To the Anonymous Restaurant Patron Who Didn’t Look At Us With Pity

My daughter, Annie, was born blind due to a congenital retinal disease called Leber’s Congenital Amaurosis (LCA).

She’s an adventurous, fun-loving kid who loves exploring new things outside. In early November 2014, we were in Boston for a special event for kids with vision impairments at the New England Aquarium (sponsored by the Massachusetts Association of Parents of the Visually Impaired).

After, I decided we should experience the city and walk the several blocks to the North End for lunch. We found a quiet, family-run, Italian restaurant (Pagliuca’s) and sat down for a great meal and wonderful service. When I asked for the bill, the waitress said “No bill, you’re all set.”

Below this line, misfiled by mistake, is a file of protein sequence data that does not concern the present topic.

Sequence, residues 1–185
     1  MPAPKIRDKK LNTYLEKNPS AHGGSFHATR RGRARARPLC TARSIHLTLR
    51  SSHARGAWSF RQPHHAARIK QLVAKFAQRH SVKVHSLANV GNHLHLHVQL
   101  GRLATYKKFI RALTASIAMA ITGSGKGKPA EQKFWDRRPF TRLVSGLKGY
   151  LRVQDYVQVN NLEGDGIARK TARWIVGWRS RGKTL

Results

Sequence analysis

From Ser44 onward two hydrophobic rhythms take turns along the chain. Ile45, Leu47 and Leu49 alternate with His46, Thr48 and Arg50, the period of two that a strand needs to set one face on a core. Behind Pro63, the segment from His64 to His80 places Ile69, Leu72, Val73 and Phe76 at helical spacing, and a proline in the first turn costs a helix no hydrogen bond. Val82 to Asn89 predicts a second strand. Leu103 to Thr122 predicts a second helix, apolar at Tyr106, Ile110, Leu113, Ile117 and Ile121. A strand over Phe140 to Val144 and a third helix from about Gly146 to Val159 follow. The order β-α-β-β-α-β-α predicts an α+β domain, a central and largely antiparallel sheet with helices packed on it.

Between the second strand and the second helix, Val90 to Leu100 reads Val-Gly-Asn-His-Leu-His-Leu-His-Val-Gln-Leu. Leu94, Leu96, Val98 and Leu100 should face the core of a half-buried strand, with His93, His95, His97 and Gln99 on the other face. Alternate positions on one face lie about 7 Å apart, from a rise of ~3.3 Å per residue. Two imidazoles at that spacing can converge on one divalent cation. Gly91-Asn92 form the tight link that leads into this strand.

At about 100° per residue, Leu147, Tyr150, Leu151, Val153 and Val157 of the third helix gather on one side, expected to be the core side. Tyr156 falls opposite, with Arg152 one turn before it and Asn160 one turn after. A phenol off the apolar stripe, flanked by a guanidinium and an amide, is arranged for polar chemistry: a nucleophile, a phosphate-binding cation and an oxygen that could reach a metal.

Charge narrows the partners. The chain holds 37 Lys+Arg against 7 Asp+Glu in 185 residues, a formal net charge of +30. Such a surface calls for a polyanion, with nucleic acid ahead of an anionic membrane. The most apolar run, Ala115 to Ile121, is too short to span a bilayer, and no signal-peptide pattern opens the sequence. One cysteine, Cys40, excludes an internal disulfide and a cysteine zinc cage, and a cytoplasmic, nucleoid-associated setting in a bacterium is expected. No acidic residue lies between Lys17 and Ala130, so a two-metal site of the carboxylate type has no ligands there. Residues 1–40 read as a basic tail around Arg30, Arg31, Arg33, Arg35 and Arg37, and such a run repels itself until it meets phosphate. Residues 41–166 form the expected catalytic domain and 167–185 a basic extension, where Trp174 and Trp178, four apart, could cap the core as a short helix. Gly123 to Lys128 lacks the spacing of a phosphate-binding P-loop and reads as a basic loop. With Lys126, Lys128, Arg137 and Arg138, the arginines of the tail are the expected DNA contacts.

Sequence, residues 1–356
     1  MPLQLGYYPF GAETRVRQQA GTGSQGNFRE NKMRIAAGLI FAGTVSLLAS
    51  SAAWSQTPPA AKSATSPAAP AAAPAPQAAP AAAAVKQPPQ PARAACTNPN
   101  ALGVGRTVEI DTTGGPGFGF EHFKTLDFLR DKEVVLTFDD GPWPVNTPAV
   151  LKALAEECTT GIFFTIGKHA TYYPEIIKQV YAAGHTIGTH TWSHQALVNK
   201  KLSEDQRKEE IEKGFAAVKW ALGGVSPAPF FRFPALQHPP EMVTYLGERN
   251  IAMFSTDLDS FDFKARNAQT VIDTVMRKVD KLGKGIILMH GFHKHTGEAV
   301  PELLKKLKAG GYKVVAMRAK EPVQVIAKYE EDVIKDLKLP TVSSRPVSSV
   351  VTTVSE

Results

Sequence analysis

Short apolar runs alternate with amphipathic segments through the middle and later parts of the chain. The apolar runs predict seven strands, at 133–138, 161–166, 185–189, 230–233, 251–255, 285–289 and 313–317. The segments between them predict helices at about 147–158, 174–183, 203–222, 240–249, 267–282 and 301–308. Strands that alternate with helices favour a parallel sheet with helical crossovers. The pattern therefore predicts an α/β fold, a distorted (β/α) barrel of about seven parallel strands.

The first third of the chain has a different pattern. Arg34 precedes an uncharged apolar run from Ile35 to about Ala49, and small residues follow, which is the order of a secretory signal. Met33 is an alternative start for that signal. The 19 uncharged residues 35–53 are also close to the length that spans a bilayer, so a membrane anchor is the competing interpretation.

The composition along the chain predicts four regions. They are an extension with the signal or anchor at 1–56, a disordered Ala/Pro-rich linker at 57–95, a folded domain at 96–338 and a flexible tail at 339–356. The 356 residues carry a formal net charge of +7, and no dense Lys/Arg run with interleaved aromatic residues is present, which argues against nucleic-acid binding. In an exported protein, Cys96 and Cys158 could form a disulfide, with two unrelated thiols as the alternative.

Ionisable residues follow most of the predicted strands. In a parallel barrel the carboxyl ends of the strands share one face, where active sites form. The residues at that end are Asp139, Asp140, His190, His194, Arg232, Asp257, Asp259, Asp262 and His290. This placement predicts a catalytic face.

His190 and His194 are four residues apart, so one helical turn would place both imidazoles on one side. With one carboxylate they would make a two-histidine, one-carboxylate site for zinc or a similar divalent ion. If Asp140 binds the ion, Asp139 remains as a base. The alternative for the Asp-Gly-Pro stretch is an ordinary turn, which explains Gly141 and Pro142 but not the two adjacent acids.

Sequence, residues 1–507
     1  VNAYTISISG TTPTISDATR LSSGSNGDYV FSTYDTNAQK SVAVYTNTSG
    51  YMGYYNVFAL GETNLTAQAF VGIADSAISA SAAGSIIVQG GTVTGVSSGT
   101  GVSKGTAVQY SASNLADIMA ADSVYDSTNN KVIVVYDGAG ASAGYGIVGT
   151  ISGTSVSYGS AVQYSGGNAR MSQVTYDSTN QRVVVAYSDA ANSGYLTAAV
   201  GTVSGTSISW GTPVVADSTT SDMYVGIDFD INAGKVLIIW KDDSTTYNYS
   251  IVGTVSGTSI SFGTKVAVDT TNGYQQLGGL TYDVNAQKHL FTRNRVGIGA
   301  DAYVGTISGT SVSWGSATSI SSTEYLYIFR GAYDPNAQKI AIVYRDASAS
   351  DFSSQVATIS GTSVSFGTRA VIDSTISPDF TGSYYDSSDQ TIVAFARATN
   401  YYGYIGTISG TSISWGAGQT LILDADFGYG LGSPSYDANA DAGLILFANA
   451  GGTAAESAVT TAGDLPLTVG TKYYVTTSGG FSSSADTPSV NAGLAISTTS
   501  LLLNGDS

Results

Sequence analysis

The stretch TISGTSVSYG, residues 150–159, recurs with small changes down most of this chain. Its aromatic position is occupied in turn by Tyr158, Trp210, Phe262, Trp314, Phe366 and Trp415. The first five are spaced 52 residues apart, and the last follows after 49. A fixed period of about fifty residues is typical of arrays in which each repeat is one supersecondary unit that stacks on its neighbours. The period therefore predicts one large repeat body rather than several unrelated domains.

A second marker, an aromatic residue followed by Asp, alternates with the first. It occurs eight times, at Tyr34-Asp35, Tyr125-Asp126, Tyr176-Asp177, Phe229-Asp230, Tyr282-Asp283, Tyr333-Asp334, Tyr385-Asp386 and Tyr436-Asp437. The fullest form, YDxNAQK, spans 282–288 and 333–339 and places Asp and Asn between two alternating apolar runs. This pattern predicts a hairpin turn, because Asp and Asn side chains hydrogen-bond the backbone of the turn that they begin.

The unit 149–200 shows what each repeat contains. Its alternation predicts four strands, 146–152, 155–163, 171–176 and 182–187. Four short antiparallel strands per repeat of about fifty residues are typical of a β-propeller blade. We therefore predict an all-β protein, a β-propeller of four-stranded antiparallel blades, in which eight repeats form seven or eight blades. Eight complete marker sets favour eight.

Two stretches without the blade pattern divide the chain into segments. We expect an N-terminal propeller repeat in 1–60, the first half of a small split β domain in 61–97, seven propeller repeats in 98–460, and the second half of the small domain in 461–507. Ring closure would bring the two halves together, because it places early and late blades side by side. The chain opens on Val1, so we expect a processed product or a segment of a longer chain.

I protested, saying it was kind but unnecessary. A part of me was thinking, “We don’t need anyone’s pity! We are so far beyond that…”

She insisted. She said a regular, who would remain anonymous, had watched us walk into the restaurant — Annie with her cane — and he just wanted to do something nice for us.

I asked if I could buy the person a glass of wine or coffee as a thank you.

“No, he doesn’t drink either.”

As we approached the front door to leave, thanking almost everyone in sight, the same waitress came up and stuck something in my pocket and said, “He also wants you to buy something nice for her at Christmas.”

I thought to protest again but was overcome by the kindness. It was not pity at all — just someone who felt the need to do something nice at that moment. When we got outside, I found a $100 bill in my pocket.

This is a photo from the same day…

image1 (4)

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